The Physical Energy Project

Physical Energy is a monumental equestrian sculpture that has been cast on four separate occasions. Each bronze was made from a full-size plaster model, which is on permanent display in the Sculpture Gallery here at the Artists' Village. G F Watts first began to work on this ambitious project in the early 1880s. He continued to develop the bold and angular design right up until his death on 1 July 1904. Intended as a gift to the nation, Physical Energy represents Watts's lifelong commitment to create ambitious, large-scale art for the public.

Claiming to 'paint ideas, not things', Watts would use a unique symbolic language in his painting and sculpture. Rather than representing a specific horse and rider, Physical Energy symbolises a broader, more abstract idea. It was intended to express:

'man as he ought to be – a part of creation, of cosmos in fact, his great limbs to be akin to the rocks and to the roots, and his head to be the sun'.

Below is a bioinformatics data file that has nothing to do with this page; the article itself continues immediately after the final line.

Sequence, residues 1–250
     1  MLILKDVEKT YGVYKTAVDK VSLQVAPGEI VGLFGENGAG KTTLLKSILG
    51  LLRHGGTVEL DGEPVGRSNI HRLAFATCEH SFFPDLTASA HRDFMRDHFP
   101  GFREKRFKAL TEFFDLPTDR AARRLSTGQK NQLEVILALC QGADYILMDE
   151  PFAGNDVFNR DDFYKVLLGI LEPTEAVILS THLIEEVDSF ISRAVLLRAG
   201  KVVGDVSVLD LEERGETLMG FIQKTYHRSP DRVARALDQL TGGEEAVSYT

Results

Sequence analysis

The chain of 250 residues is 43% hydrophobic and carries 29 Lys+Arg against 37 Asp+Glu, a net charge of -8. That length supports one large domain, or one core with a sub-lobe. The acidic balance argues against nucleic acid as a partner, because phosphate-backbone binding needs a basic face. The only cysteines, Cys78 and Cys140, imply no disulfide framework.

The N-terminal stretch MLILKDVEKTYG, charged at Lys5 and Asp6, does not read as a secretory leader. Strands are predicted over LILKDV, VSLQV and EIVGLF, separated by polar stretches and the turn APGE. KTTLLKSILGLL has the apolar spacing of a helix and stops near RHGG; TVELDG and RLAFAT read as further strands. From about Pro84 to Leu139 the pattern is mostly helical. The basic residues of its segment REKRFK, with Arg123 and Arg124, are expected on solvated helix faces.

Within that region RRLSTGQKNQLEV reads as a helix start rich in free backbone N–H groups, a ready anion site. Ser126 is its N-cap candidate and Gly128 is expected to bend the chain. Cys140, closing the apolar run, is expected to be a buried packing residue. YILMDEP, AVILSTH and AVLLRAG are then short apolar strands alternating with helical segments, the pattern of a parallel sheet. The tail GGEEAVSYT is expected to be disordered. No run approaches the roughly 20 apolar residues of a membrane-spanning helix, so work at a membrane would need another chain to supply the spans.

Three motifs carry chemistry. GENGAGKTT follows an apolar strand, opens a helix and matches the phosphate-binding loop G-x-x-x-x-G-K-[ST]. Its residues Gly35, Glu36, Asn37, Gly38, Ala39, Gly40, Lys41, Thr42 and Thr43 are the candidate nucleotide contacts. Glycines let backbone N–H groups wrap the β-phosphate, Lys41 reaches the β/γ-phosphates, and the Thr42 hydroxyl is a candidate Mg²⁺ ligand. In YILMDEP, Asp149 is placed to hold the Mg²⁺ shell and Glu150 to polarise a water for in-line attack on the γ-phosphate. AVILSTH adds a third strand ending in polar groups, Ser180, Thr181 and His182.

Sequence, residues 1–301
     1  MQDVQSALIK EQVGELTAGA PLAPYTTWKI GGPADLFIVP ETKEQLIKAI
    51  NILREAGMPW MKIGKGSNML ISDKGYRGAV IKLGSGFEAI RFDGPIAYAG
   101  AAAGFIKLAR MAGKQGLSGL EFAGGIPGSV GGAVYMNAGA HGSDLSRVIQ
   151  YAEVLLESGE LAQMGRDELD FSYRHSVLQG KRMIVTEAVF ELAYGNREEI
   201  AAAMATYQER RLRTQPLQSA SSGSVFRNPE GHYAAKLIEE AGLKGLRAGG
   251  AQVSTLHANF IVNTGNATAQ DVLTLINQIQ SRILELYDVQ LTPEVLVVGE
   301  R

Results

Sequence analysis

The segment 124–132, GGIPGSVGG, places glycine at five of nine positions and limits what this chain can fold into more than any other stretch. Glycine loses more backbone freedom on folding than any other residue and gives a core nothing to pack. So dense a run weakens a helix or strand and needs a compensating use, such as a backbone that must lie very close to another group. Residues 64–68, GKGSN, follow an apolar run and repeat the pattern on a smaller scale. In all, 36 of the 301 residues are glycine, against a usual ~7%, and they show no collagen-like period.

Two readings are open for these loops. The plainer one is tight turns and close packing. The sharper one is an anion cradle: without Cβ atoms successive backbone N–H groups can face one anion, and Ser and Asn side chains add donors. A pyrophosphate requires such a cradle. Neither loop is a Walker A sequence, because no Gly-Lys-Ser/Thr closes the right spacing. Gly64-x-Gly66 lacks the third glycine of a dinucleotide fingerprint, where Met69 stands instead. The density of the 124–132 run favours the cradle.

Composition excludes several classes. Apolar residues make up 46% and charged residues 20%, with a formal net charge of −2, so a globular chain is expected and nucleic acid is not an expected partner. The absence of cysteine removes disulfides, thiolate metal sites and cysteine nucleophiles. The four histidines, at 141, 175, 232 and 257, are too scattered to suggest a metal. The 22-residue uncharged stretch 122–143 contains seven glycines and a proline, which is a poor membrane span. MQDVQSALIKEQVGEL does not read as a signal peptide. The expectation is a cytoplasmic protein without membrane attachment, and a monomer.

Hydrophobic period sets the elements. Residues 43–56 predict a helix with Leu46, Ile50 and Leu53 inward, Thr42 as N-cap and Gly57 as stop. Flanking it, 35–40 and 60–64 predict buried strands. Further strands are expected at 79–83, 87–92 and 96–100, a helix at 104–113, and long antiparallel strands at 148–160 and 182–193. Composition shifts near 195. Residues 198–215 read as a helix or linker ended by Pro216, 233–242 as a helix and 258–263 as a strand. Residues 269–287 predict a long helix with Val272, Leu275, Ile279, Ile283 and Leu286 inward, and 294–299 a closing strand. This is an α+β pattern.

In 2017, Watts Gallery Trust commissioned a new cast of Watts's most ambitious sculpture to mark the artist's 200th birthday. The monumental plaster model was cast in bronze thanks to the Art Happens crowdfunding campaign (Art Fund) and the donations of friends, volunteers, donors, Compton residents, neighbours, staff, Trustees, artists, workshop participants and so many others.

The bronze was cast at the foundry of Pangolin Editions before being exhibited in the Royal Academy of Art's Annenberg Courtyard to celebrate the bicentenary, coinciding with the Academy's 250th anniversary celebrations. It was seen by an estimated 750,000 people during a five-month display, during which time it also featured in the London Lumière Festival in January 2018.

Physical Energy has a complex past, assuming multiple different meanings both within the artist's lifetime and afterwards. Part of the sculpture's history has become closely tied to the commemoration of Cecil Rhodes (1853-1902), the financier, politician and mining tycoon who played a dominant role in British Imperial expansion of Southern Africa.

In the 1920s, the sculpture was adopted as a logo for the Labour publishing company. At Watts Gallery, as the artist's most major sculptural project, Physical Energy has represented the artist's ambition and commitment to public art, as the institution's logo and as the weathervane on the gallery roof.


Plans are underway to display the fourth bronze at Watts Gallery – Artists' Village. In preparation for the installation of the cast, the organisation is working in consultation with all our communities to re-examine the ways in which the sculpture's multiple histories can be explored and interpreted today.

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